Spout Alternatives

Tapping into the Dairy Market

Spout 22


Leena Tirrul

Leena Tirrul


University of Otago

University of Otago


Joe Cooper

Joe Cooper

Global Goals

9. Industry, Innovation and Infrastructure 12. Responsible Consumption and Production 14. Life Below Water

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New Zealanders consume more than 400 million liters of milk per year, most of which is distributed in plastic bottles that cannot be recycled within the country. The founders of Spout, Jo Mohan, Nick Jackson, and Luka Licul, have a vision of making one of New Zealand’s biggest industries waste-free by providing a plastic-free milk alternative to businesses around the country.


Spout was founded in New Zealand in 2019 by three young entrepreneurs, Jo Mohan, Nick Jackson, and Luka Licul, who met at a youth business accelerator in Wellington. The trio had a vision: to decrease the use of plastic in the New Zealand Dairy Industry, and to make this the very core of their business model.

The three Kiwis applied an existing technology to a novel problem: how can milk be transported and distributed without using petroleum-based plastic bottles?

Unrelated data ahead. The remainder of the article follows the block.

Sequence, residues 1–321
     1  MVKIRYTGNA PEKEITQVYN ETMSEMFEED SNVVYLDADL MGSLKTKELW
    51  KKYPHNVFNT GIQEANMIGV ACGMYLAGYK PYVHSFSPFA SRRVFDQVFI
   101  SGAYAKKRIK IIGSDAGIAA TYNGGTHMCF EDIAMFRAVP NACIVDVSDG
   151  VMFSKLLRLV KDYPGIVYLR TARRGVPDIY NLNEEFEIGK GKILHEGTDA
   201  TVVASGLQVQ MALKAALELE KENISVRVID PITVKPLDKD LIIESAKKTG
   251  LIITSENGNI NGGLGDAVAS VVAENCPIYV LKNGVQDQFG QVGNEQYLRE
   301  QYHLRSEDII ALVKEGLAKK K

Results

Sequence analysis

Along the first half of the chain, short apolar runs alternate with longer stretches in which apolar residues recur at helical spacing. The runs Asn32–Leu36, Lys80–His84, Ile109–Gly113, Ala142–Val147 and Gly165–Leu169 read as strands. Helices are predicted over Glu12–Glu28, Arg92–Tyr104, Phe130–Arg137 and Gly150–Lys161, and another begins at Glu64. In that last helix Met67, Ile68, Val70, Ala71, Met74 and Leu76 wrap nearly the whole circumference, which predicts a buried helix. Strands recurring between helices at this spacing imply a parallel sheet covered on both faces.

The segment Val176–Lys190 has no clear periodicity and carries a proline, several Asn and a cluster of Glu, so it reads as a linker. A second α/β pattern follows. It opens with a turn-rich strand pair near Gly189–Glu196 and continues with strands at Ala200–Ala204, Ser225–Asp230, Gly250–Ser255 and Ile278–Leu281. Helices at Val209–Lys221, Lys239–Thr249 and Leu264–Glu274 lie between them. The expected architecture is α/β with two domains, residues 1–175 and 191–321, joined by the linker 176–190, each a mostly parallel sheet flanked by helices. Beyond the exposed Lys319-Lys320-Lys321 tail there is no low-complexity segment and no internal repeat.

“The innovation part is interesting. It’s not something we created out of the blue, we’re using something that is existing, in a different way. I think that sometimes this catches people off-guard.”

The trio have taken kegs, yes, like the ones used for beer, and have created a new sanitizing technique in order to make the existing technology available and safe for milk.

“We learned pretty quickly that you can’t just treat it like beer because milk has fats that require deep cleaning, … we developed a keg washer that stays on the farm […] it’s the only one of its kind in New Zealand. It’s a three-step program that washes, rinses, and sanitizes the kegs and associated equipment.”